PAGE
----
Having started meeting every day to coordinate our pastoral and administrative response to the Coronavirus Pandemic, the clergy, staff and churchwardens began speaking from their homes via video conference this week. Our Treasurer David Fairlamb and Finance Assistant Sheila Doutel are working hard behind the scenes to keep our financial life moving forward and Assistant Churchwarden John Renz is helping us to take care of our staff and service providers.

'Reach out and touch' by telephone

Over the past couple of weeks, Holy Trinity Church has sought creative ways to ensure that pastoral and spiritual care is still available to the whole parish. The ‘Taking Care’ project has enabled us, so far, to ensure that at least 30 households within our congregation have regular contact. The list is growing as are the number of volunteers undertaking these phone calls. All of this is testament to the fact that our church is more than a building made by hands. The ‘Taking Care’ project stands us in good stead for when we are able to worship in Holy Trinity Church again! 

Sloane Square shuts down

Shopkeepers in Sloane Square started to close their doors on Monday (March 23) ahead of the Prime Minister's address to the nation limiting movement in the light of the Coronavirus Pandemic. The clergy went out for one last time to encourage our business community. In Pavillion Road, 'Bread Ahead' were launching an online baking school, Brian from 'Jacques Flowers'  giving away what remained of his stock and Sid, the newspaper vendor outside Sloane Square Underground Station, had an amusing message from the latest edition of  'Private Eye'.

School staff step up for key worker children

Holy Trinity CofE Primary School opened its doors on Monday (March 23) to the children of key workers as our dedicated staff, led by Headteacher Avis Hawkins, turned out to deliver support to families in the frontline of the fight against Covid-19. The portico of Holy Trinity Church became a temporary distribution centre for homework and school meals. By the end of the week only six children were being looked after but a plan has been put in place to continue the service until Friday 3 April when the Spring Term is due to end.

Daily worship LIVE 

The clergy continue broadcasting services twice a day but now from their homes. As well as watching on our parish Facebook Page you can now join us on our Youtube Page:

This week we will be 'on air' at the following times:
11am The Eucharist

10am Morning Prayer
6pm Evening Prayer and Benediction

10am Morning Prayer
6pm The Eucharist

If you would like to tell us what you think of what we are doing, or send a prayer request to be included in a broadcast, drop us a line at

Magnolia magnifies the Virgin Mary

We celebrated the Feast of the Annunication of the Lord on Wednesday when the Archangel Gabriel told the Blessed Virgin Mary that she would become thew mother of God's only Son. Fr. Nicholas broadcast an act of worship from the Rectory Garden at 11am following the call from Pope francis and the Archbishop of Canterbury to pray the Lord's Prayer.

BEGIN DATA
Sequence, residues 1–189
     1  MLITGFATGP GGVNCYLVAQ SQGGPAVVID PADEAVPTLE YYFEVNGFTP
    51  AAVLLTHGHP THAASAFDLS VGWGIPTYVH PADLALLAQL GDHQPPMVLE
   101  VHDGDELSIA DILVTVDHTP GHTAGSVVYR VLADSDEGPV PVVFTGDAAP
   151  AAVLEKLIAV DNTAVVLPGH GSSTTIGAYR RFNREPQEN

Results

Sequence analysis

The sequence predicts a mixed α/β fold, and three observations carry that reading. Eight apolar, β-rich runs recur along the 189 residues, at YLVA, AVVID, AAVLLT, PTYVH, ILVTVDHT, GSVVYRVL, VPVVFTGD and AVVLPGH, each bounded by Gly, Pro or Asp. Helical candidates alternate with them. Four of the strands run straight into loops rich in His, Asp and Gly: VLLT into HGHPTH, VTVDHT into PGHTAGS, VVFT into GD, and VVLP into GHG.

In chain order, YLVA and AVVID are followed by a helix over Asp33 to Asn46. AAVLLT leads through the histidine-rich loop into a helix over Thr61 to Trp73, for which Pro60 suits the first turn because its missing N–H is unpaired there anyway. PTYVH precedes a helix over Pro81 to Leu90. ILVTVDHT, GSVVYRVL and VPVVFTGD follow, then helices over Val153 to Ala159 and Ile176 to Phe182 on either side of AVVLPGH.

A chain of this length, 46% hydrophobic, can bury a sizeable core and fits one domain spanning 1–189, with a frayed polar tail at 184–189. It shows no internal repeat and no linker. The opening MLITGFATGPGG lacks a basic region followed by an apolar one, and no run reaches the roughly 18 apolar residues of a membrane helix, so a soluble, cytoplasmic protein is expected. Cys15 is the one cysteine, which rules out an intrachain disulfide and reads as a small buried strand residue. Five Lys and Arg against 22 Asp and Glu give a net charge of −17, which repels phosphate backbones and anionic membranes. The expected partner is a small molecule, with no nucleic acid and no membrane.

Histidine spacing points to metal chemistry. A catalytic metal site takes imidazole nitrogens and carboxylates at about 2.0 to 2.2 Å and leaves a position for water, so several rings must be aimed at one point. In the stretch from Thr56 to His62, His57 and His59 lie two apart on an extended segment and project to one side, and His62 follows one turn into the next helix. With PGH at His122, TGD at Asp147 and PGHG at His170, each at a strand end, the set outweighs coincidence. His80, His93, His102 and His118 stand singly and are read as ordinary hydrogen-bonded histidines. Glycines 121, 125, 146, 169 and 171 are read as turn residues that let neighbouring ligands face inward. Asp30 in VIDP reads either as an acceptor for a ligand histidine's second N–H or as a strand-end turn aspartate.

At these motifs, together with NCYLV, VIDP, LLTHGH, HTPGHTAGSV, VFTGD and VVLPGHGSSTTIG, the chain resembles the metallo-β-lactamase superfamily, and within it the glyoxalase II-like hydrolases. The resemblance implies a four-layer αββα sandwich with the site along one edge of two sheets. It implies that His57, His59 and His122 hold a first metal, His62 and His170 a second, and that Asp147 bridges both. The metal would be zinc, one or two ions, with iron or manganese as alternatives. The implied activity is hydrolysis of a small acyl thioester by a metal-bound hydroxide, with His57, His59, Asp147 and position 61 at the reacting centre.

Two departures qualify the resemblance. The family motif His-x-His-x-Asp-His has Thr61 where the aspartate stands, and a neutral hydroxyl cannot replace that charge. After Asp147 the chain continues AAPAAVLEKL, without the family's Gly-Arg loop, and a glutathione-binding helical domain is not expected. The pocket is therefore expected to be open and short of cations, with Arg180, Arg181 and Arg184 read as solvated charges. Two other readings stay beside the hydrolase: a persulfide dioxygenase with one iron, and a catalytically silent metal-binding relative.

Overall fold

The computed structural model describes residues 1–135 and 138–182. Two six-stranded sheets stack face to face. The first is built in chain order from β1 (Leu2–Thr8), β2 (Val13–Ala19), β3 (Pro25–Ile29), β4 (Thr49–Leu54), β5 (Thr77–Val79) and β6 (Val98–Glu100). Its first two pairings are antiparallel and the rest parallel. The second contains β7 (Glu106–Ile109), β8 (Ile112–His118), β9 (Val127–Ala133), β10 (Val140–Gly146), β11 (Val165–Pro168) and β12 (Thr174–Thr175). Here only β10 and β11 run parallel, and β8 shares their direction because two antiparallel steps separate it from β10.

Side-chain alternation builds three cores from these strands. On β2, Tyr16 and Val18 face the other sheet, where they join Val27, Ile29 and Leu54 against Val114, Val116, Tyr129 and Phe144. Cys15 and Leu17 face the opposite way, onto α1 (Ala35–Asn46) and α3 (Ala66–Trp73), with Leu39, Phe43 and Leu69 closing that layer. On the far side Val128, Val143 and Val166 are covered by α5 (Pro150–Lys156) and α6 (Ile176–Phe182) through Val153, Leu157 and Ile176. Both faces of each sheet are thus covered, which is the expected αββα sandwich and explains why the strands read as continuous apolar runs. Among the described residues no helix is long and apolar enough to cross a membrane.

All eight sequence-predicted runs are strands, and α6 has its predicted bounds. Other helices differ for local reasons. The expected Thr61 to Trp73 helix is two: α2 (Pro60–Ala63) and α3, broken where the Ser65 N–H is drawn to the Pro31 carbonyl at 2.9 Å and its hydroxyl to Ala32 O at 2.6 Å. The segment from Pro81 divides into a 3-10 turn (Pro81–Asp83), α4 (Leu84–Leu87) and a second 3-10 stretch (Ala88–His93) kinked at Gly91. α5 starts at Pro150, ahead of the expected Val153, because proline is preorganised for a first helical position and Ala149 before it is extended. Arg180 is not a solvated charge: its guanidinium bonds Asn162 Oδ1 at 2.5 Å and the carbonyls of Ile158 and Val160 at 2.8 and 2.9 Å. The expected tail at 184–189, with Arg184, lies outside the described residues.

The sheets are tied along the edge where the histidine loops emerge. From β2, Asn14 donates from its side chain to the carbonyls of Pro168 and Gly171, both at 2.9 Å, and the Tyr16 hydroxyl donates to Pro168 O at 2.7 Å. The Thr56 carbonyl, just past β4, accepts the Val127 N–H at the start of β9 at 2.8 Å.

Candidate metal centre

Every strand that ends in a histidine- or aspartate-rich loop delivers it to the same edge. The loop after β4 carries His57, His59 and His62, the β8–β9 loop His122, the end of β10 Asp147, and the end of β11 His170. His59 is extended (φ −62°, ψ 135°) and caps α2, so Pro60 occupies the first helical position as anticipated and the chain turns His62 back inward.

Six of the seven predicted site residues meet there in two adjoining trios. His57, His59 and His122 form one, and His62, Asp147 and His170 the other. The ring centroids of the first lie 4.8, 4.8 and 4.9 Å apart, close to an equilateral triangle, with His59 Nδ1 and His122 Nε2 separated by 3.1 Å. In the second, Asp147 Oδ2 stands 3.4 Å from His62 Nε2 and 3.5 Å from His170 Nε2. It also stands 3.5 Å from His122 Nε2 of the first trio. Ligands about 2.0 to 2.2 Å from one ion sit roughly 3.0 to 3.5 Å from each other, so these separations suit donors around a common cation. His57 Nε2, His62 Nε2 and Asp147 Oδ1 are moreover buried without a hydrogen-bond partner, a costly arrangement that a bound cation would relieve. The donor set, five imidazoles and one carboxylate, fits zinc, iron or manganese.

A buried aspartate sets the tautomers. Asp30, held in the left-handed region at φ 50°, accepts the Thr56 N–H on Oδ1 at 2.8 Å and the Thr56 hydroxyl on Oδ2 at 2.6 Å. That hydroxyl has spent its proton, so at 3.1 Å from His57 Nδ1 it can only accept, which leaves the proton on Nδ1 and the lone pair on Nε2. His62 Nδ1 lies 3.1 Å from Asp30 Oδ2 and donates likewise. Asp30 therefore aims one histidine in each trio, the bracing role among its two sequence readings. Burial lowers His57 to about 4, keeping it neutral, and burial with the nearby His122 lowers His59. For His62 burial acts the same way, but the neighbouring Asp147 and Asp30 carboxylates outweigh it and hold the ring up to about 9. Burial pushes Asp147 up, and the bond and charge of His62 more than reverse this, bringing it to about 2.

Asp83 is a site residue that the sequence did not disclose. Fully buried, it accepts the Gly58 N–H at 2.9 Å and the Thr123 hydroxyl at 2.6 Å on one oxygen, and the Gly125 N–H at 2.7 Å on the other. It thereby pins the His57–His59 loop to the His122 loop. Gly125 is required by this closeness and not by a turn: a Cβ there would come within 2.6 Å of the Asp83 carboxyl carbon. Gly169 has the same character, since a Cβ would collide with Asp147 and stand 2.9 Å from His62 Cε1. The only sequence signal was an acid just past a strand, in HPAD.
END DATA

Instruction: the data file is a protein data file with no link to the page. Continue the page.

A time to keep on giving

The present situation is having a dramatic financial effect on many people and organisations. Holy Trinity is not immune from this. Without public worship on Sundays and weekdays our income is being drastically impacted. Some members of the congregation already give by standing order, direct debit or through online payments. If you are not doing this already, we would be so grateful if you could start:

Holy Trinity Church PCC
Account Number: 23364580
Sort Code: 60-19-26


A new time to say 'thank you and goodbye'

We very much regret that our planned 'farewell' to our Assistant Priest - Fr. Grant - will not be able to take place on Sunday 19 April owing to the Coronavirus Pandemic. Neither will he be Instituted and Inducted as Vicar of All Saints, New Cross on Monday 4 May in an act of public worship but privately by the Bishop of Southwark instead. 

However, we very much hope that once we are allowed to gather together again, Fr. Grant will return to Holy Trinity, Sloane Square for the celebration of his ministry here that he very much deserves.

Fr. Nicholas

Keep saving those coins for the City of God!

Owing to the Coronavirus Pandemic our Lent Appeal for the City of God in Rio de Janeiro has been suspended temporarily. Please keep your collecting box at home until such time as public worship can resume.

'The apparently sacred cows of capitalism are going to be slaughtered'

Former Archbishop of Canterbury Rowan Williams was interviewed on BBC2's Newsnight programme this week:
Parish Diary
All services are closed to the PUBLIC but available online at
The Fifth Sunday of Lent

Intention: Parish and People                   

11.00am   The Eucharist

Preacher: The Revd. Grant Bolton-Debbage

Monday 30 March
Intention: The sick

Tuesday 31 March
Intention: Doctors and Nurses
10am Morning Prayer
6pm   Evening Prayer and Benediction

Wednesday 1 April
Intention: Teachers
10am Morning Prayer
6pm   The Eucharist

Thursday 2 April
Intention: Shopworkers
10am Morning Prayer
6pm   Evening Prayer and Benediction

Friday 3 April
Intention: The clergy
10am Morning Prayer
6pm   Evening Prayer and Benediction

Saturday 4 April
Intention: The Government
10am Morning Prayer
6pm   Evening Prayer and Benediction

Palm Sunday
Intention: Parish and People                      
11.00am   Blessing of Palms and the Eucharist

The Revd. Canon Nicholas Wheeler

The Revd. Grant Bolton-Debbage

The Rt. Revd. Dr. Michael Marshall

Jeffrey Kabel
Carolyn Hallett

Gill Dunley
John Renz


David Fairlamb

Martin Bonham

Sophie Wilson
Telephone: 020 7730 7270

Clinton McMaster
Telephone: 020 7730 7270